Each resource page has Video, information about the feature, who depends on the feature, additional benefits, what needs to happen for feature to work, related links including accessibility principle, getting started tutorial, easy check, user story, Success Criteria of WCAG 2.0, User story and a tutorial.

This would be perfect resource to use during your event on the occasion of Global Accessibility Awareness Day.

Below are the list of videos available:

Should you wish to help improving this resource may write to publicly archived list at wai-eo-editors[at]w3[dot]org or Create a issue on Github (requires GitHub account

Accessibility Resources for Developers

May 12, 2016 • Srinivasu Chakravarthula

While we add content to our a11y resources page, to mark Global Accessibility Awareness Day, here is a quick list of some cool resources for Developers.

Categories: Web Accessibility Tags: , ,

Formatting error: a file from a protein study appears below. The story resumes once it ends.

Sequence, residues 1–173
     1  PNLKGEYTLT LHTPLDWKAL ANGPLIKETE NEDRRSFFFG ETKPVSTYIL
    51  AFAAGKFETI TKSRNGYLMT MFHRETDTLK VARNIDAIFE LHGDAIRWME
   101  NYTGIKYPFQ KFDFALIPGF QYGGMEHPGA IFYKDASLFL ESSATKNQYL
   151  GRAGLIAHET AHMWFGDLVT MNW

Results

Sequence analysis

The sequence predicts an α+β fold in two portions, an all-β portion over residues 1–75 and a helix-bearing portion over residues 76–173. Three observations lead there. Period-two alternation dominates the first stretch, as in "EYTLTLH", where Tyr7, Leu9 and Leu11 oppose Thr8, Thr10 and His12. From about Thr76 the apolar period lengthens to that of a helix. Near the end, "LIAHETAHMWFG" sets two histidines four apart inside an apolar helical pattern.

Accessibility round-up Week 1, May 2016

May 6, 2016 • Srinivasu Chakravarthula

After some gap, we are back with Accessibility round-up. Here is stuff for this week

  1. Accessibility by design – IBM [Video]
  2. Command line Accessibility Tools
  3. Accessibility Testing with NVDA Screen reader by Deque [Video]
  4. Events Across the world to mark Global Accessibility Awareness Day on May 19, 2016
  5. 7 things every designer needs to know about Accessibility (Credit: Arthi Amaran)
  6. Accessibility Ready themes for Word Press
  7. Inclusive design – a chance to design in more innovative way by Ben of Microsoft
  8. Accessible gaming includes list of a few PC and console games
  9. Guidelines for Audio description on videos
Categories: Accessibility News Tags: